By Len Patel
President Trump pointedly failed to recognize the contributions of Muslims in America in his speech to leaders of 50 Muslim nations in Saudi Arabia Sunday.
Apparently making nice to Muslims around the world does not include those that live in his own country.
President George W Bush after 9/11 emphasized religious tolerance and a respect for faith in a warning for those who wanted to take their anger out on Muslim Americans.
President Trump, almost 16 years removed from that dark day in history, did not even acknowledge the existence of Muslims in America in his speech.
The omission was noted in a statement released by the Council on American-Islamic Relations which called on the President to move beyond rhetoric and into concrete action.
“Such concrete actions should include condemning Islamophobia, protecting the civil rights of American Muslims and other minority groups, achieving just and comprehensive resolutions to the various Middle East conflicts, ending religious and ethnic profiling at borders and in airports, ending support for dictators whose oppression foments extremism and violence, and supporting mainstream Muslims who peacefully pursue social, economic and political progress around the world,” said Nihad Awad, executive director of the Council on American-Islamic Relations.
Adnan Zulfigar, a Philadelphia-based Truman National Security Project fellow was even more blunt.
“You don’t mention them once in your entire speech? What that tells me is that Trump’s conception of America is not only Muslim-free but, in many respects, minority-free,” Zulfigar said to Buzzfeed. “He easily engages with Islam as a foreign ‘other,’ as opposed to Islam and Muslims as part of the American fabric.”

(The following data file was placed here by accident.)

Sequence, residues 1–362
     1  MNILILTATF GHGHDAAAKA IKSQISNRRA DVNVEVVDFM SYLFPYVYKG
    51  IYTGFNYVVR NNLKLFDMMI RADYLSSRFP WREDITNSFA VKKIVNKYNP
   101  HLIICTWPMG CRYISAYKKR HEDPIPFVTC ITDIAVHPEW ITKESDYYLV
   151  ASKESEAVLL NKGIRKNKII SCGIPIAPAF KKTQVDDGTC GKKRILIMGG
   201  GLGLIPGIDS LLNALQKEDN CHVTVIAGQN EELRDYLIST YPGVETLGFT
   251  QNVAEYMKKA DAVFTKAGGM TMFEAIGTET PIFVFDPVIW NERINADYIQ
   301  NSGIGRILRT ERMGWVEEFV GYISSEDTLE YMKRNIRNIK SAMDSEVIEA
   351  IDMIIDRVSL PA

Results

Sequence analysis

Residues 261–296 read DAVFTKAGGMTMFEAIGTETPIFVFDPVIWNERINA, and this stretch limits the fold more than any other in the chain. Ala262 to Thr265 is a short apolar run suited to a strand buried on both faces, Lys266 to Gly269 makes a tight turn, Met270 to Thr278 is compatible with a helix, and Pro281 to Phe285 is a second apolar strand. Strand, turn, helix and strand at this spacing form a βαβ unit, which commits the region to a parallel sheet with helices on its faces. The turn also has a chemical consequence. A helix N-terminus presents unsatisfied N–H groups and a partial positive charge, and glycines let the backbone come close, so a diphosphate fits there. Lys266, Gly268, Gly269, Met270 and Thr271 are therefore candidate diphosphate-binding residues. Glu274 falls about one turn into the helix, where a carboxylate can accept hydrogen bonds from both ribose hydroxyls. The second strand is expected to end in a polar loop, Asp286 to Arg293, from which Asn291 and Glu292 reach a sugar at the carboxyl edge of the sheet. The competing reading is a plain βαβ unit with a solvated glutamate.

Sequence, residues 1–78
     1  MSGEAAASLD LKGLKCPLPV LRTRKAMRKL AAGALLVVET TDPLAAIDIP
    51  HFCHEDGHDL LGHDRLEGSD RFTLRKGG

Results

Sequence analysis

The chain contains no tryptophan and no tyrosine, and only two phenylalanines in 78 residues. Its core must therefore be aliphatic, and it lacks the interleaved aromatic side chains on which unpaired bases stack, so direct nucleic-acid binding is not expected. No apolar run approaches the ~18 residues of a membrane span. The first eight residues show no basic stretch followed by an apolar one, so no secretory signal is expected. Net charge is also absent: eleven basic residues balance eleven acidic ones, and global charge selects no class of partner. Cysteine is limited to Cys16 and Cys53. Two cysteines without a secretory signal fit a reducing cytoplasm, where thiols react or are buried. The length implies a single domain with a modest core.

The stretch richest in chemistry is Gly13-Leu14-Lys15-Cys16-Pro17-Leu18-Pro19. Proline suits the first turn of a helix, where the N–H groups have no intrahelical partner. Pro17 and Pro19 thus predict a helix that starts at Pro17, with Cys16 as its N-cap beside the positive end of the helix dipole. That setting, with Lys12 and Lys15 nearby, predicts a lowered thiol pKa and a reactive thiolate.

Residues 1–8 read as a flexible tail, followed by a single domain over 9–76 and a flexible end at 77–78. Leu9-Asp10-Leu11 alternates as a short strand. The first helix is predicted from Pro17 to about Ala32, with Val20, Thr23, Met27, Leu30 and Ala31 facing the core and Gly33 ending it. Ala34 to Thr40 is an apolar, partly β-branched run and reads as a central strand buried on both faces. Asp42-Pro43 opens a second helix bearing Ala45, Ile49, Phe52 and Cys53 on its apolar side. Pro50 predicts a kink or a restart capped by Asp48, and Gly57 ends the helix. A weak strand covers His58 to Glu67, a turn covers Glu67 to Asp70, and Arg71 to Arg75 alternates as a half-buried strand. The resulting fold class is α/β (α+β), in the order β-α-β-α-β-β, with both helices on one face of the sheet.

The realities of being President can be sobering. While on the campaign trail he criticized President Obama for refusing to utter the words “radical Islamic terrorism.” Obama said such rhetoric would only alienate Muslim allies.
So guess what. President Trump in his speech abandoned the term “radical Islamic terrorism” and chose to use the the less volatile words “Islamic extremism” instead. Yet no such shift in tone for Muslims in America. Muslim Americans are invisible to President Trump until he needs to sacrifice them in a desperate bid for votes.
Can a message of tolerance to Islam abroad be persuasive without a corresponding affirmation of American Muslims at home? David Mislin asked in a commentary on the Religion News Service.
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